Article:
On December 20, Congress passed its tax overhaul package. As expected, the legislation will add $1.5 trillion to the debt over ten years, creating short- and long-term financing challenges for Medicare, Medicaid, and Social Security—and putting those who rely on these programs at risk.
Almost immediately, the tax bill will trigger $25 billion in annual, automatic cuts to Medicare under budgetary rules known as “PAYGO.” While congressional leaders have pledged to waive the PAYGO law and prevent these cuts from happening, they are quickly running out of time to do so in 2017. With only one “must do” item left on this year’s agenda—passage of a short-term spending bill before government funding runs out at midnight Friday—it is possible that Congress will adjourn for the year on Friday without resolving the PAYGO issue.
But this doesn’t mean the Medicare cuts would take effect in 2018. If the waiver is not attached to this week’s spending bill, President Trump plans to wait until January to sign the tax bill. Under procedural rules, doing so would delay the automatic cuts until 2019—giving Congress plenty of time to act.
While Medicare Rights would welcome a PAYGO waiver, it would not be enough to fix this damaging bill. That’s because it still paves the way for even steeper cuts in the future. Lawmakers are expected to use the tax bill’s rising deficits as an excuse to pursue entitlement “reform” as soon as next year – seeking significant “savings” from programs like Medicare under the guise of deficit reduction.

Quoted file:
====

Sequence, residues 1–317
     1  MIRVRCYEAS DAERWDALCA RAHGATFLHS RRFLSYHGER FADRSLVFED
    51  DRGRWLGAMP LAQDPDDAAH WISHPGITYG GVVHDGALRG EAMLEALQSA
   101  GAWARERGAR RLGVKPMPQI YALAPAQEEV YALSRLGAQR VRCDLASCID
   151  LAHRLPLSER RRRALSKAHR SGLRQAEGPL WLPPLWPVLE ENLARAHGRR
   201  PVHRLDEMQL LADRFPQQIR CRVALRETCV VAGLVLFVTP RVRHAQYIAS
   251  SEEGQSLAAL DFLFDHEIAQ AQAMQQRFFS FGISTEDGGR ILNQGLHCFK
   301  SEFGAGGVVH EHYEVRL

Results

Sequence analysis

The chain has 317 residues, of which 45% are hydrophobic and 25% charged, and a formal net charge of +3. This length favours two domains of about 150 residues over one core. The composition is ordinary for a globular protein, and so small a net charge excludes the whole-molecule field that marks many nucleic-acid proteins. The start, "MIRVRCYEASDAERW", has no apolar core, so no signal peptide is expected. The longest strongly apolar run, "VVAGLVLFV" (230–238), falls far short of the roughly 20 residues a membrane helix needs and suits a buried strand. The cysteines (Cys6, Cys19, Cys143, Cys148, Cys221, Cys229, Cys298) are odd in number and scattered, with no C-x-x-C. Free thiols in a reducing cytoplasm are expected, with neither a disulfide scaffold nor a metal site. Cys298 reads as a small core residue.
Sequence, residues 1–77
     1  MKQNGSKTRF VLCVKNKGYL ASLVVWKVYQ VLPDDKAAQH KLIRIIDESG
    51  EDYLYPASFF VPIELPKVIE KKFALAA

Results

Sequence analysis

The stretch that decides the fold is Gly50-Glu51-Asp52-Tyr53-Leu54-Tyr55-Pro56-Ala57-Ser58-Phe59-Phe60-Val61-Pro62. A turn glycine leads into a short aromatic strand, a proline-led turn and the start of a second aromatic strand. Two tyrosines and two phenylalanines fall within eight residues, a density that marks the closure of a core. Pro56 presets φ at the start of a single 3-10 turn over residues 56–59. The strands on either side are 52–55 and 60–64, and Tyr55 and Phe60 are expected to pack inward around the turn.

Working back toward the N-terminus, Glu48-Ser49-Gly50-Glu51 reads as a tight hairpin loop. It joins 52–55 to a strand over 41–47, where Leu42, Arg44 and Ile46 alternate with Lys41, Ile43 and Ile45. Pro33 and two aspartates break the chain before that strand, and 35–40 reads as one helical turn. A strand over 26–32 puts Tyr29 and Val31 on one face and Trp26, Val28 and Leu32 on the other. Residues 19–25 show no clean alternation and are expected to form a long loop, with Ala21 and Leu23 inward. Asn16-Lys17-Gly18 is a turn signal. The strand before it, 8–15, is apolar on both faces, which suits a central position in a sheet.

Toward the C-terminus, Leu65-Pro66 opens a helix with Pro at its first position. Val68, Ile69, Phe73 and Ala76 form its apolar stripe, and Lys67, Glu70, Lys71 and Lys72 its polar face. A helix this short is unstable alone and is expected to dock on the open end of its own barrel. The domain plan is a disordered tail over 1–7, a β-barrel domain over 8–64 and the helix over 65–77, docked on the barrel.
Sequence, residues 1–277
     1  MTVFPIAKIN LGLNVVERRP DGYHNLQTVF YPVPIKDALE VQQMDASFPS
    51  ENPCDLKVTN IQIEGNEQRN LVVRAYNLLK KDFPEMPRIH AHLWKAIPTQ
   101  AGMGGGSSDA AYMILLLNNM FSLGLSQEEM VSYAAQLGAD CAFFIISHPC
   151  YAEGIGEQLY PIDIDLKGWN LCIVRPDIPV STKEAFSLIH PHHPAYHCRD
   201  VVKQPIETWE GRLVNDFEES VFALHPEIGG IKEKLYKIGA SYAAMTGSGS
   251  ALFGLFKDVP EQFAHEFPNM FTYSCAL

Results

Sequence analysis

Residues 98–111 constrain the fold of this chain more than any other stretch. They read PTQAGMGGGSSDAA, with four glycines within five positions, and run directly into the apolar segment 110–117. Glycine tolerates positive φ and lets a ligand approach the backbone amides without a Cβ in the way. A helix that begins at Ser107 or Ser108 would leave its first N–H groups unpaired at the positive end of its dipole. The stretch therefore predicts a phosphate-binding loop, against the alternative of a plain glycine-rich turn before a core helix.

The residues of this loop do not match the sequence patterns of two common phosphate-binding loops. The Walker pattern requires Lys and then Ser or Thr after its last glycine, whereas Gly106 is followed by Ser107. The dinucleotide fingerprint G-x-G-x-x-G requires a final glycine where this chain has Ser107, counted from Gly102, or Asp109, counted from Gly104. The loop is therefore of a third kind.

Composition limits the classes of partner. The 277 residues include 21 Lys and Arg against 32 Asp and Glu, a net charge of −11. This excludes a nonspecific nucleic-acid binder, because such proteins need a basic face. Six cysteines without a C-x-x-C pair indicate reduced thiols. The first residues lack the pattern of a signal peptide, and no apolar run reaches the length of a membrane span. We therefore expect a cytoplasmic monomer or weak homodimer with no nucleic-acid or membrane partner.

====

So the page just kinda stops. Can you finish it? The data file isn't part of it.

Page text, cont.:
The bill also still jeopardizes health coverage for millions by repealing the Affordable Care Act’s individual mandate. According to the nonpartisan Congressional Budget Office this will cause 13 million people to lose health coverage, while millions more will face increased premiums. People over age 50—who are not yet eligible for Medicare—will be disproportionately impacted by the disruption these changes will have across the health care system.
While we are disappointed by the tax bill’s passage and the threats it poses to Medicare, Medicaid, and Social Security, we will keep fighting to protect and strengthen these and other programs on which older adults, people with disabilities, and their families rely. With your help, we can hold Congress accountable.
Let your lawmakers know you are paying attention! Here’s what you can do:
- Find out how your members of Congress voted on the tax bill by visiting The New York Times tracker.
- Call your members of Congress at 202-224-3121: If your members voted to pass the tax bill, tell them you are disappointed by their vote because the tax bill paves the way for cuts to programs on which vulnerable Americans rely, including Medicaid, Medicare, and Social Security. If your members voted against this harmful plan, thank them for their vote.